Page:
Mayor Huelsenbeck listened to the concerns and started a formal dialogue between the town, the DEP and Corps. The result was that the Army Corps would try a 1/20 slope in certain areas to try to mimic the natural slope and get a nice beach for swimming that still protected the Island. Knowing the history of this issue, it was a monumental achievement, and other towns were following suit. Score one for the democratic process. Before I get into this, I will say that the very, very, very, very good news is that in the sections that are finished, there does seem to be somewhat of a sandbar offshore. Even at dead high tide, I saw a few guys surfing a recently pumped beach.
But there is the issue of the size of the beach. Ship Bottom had benefited from the projects in Surf City and Brant Beach. And at the end of April, it was huge – bigger than anyone has ever seen it, with many dunes that have stood through our most historic storms.
But who wouldn’t want a little extra security? The Army Corps explained that it wouldn’t require the scope of the Harvey Cedars project because it was a different dynamic. It wasn’t going to interfere with the sandbar (which also serves to help the project last longer) .There was no need to mess around much past the waterline because the beach was already wide.
Most agreed that would be great to prepare us for future storms, especially since 100 percent of the money was coming from earmarked federal Sandy relief funds. And if you’re the mayor of the town, you take any opportunity to protect your constituency. The Corps has a design template of where they want the beach to be, and a “construction template,” which is where the amount that the ocean will shave off, to bring them to the profile template. So we all figured that the contracted company, Great Lakes Dredge and Dock, would just “top us off,” bolster up the dunes and move on down. Everybody wins.
So let me reiterate: The beach was already nearly as wide as the Army Corps’ design template, which was good news to everyone.
When Great Lakes showed up in late April to do that one last survey before the construction began, it found the beaches were considerably bigger than the previous survey. Any local who went up to the top of the dunes noted how the beaches had grown thanks to natural flow, but also projects in Brant Beach and Surf City. But overall, it supported the notion that the beach was already nearly as wide as the Army Corps’ design template.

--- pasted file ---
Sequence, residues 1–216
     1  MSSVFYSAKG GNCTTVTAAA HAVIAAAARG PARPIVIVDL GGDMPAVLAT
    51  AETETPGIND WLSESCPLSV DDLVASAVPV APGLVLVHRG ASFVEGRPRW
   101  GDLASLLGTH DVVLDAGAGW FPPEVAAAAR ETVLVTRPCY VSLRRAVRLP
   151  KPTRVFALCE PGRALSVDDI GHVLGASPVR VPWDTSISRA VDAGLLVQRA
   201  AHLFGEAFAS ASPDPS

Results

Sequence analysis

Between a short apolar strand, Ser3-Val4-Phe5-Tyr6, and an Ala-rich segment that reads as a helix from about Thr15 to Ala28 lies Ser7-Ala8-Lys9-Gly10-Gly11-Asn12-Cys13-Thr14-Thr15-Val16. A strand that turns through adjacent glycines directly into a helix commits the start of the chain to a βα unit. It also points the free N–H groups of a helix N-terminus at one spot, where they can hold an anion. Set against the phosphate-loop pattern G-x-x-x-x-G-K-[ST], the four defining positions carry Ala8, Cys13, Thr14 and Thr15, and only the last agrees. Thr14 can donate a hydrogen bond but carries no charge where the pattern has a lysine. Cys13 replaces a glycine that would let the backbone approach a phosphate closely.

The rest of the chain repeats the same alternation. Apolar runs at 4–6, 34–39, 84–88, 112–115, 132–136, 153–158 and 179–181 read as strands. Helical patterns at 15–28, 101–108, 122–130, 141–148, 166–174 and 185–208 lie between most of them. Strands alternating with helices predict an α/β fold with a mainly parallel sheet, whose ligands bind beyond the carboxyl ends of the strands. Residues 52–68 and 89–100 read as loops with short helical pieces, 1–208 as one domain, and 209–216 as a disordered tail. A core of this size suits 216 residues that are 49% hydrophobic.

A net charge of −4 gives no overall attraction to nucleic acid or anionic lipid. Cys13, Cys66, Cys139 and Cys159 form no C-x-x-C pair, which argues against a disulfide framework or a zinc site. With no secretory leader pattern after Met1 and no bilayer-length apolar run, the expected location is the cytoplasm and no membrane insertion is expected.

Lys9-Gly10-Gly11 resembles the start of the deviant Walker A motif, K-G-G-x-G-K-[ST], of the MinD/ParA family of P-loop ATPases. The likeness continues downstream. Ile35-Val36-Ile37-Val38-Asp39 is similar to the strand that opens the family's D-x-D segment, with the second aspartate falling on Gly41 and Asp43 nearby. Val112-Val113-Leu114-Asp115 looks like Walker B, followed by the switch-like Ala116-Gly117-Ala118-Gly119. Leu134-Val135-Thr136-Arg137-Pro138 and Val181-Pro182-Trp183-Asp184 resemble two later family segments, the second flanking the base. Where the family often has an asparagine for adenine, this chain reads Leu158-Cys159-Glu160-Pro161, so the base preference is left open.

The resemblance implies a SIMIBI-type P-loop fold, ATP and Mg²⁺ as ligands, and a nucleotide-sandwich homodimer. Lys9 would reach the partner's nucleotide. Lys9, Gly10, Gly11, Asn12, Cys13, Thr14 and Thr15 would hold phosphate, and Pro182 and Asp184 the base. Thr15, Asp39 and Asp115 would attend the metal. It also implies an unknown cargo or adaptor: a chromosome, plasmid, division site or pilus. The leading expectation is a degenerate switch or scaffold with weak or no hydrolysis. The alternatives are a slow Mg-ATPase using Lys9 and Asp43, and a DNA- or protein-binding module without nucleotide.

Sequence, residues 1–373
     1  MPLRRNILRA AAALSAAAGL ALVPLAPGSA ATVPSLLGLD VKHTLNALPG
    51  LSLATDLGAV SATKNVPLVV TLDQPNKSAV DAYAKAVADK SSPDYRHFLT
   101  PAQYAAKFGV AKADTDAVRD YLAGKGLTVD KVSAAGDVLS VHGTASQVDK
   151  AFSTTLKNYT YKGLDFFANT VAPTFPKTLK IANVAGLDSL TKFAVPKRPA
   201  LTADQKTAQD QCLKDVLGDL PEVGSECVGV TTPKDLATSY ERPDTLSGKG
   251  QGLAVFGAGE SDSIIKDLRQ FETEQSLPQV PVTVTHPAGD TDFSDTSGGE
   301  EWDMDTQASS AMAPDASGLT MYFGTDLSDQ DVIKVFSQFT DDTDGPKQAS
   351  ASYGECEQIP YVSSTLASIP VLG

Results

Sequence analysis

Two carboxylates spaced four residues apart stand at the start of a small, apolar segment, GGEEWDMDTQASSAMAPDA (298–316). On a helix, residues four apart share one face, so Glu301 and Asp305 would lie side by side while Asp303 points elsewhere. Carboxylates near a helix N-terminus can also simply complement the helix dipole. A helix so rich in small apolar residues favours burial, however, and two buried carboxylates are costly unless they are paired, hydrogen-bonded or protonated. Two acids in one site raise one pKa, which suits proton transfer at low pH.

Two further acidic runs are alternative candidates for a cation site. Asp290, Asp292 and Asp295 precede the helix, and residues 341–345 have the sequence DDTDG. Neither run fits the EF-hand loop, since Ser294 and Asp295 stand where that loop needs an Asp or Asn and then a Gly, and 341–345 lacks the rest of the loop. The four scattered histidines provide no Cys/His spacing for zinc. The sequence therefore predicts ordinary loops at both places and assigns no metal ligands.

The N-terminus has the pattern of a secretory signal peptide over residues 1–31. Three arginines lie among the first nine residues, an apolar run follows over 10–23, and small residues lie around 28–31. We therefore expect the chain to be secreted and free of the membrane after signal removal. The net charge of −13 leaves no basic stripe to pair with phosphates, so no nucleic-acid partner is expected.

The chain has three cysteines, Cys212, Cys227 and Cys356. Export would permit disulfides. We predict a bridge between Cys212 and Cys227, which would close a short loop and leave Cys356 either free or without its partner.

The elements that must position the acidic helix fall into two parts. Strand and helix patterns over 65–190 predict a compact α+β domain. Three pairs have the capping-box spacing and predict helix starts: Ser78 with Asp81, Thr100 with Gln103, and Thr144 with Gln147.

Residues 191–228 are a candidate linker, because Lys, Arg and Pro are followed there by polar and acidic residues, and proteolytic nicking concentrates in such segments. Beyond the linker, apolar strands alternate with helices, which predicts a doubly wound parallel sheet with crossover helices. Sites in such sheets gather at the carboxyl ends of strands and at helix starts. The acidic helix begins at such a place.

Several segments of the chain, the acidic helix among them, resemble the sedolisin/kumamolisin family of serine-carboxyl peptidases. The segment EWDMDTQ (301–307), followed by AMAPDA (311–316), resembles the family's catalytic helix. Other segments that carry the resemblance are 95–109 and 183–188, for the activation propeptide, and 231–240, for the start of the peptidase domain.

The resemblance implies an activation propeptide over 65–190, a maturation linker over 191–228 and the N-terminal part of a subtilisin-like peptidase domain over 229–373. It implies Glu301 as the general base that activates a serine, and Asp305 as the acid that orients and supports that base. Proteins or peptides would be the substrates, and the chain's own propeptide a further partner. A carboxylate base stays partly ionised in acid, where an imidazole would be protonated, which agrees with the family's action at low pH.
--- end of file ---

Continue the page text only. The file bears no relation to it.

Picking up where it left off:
Common sense would say, “fill us to the design template and take an early lunch, boys. Thanks for everything. The hard hat is a good look on you.” But Great Lakes was contracted to provide 591 cubic yards for Ship Bottom.
If you’re not directly involved, this stuff is harder to understand than field hockey. As a project starts, the amount of sand they pump can change at the last minute, give or take 15 percent without having to renegotiate the bid, if the beach has grown or eroded since the last survey. However, the last survey was early 2013, incidentally, four months after a little storm called Sandy. But now, the town, the DEP and the Army Corps can’t simply ask for less sand at that point because the price of said sand has already been contracted.
The beachfill has begun in Ship Bottom on a fairly wide and healthy beach. So why is Ship Bottom getting so much sand and what can we expect? Photo by: Jon Coen
Put simply, we’re getting 503 cubic yards. The beach will be 130 feet wider and it was huge to begin with. The legal complications meant that to change the amount of sand would require halting the project, which would threaten the funding. It’s a bureaucratic “use it now or lose it” situation. Essentially, Ship Bottom will get 15 percent less sand than we thought, but far more than we need. And folks in town are none too happy about carefully planted and cultivated dune vegetation being buried, although that has been another clouded issue from the beginning. I actually saw guys who had nothing to do with Great Lakes chainsawing through natural growth on the back side of a dune.